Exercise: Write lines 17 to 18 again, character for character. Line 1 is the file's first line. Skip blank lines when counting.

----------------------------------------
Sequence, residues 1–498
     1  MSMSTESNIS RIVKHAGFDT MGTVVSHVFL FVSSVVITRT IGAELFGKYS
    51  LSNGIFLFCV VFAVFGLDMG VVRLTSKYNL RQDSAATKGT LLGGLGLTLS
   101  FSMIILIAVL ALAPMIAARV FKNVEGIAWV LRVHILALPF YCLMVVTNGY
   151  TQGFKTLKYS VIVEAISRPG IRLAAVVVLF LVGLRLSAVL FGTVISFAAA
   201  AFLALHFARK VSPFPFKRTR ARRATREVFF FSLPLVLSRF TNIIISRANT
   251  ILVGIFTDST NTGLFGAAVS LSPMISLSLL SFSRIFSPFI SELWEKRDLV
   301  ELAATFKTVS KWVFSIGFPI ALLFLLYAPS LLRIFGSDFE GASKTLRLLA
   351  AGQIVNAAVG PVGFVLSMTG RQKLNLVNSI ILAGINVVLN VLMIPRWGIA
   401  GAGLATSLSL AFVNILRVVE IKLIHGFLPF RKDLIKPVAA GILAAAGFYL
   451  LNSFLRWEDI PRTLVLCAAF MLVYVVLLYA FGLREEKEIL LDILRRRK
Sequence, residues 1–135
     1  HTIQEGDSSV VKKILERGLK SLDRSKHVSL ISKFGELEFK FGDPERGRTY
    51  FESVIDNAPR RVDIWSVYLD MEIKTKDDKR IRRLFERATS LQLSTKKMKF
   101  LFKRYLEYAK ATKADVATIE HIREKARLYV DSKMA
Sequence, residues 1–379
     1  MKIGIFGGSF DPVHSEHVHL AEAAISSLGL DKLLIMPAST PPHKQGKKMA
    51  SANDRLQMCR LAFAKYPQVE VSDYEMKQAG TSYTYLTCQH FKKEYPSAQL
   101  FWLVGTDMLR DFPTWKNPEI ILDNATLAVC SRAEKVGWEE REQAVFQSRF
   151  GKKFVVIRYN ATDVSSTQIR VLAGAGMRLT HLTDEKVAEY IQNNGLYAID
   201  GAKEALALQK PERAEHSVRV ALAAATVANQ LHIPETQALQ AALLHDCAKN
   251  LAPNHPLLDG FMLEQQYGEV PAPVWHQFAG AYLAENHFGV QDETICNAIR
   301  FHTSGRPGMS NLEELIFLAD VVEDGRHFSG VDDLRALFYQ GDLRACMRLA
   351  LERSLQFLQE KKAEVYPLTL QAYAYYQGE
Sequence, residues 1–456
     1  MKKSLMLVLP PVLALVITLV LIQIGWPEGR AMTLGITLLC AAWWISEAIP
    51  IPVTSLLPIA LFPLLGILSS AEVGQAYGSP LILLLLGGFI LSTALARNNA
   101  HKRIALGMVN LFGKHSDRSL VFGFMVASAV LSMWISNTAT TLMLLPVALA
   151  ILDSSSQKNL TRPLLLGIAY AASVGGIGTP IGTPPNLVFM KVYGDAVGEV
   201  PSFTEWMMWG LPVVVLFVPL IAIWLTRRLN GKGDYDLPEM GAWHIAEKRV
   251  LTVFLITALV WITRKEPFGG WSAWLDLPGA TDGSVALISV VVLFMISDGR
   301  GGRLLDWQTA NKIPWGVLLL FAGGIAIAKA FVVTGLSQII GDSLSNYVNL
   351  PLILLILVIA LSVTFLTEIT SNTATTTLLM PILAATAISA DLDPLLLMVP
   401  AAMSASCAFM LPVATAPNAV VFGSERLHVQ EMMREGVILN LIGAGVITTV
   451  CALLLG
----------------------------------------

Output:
     1  MKIGIFGGSF DPVHSEHVHL AEAAISSLGL DKLLIMPAST PPHKQGKKMA
    51  SANDRLQMCR LAFAKYPQVE VSDYEMKQAG TSYTYLTCQH FKKEYPSAQL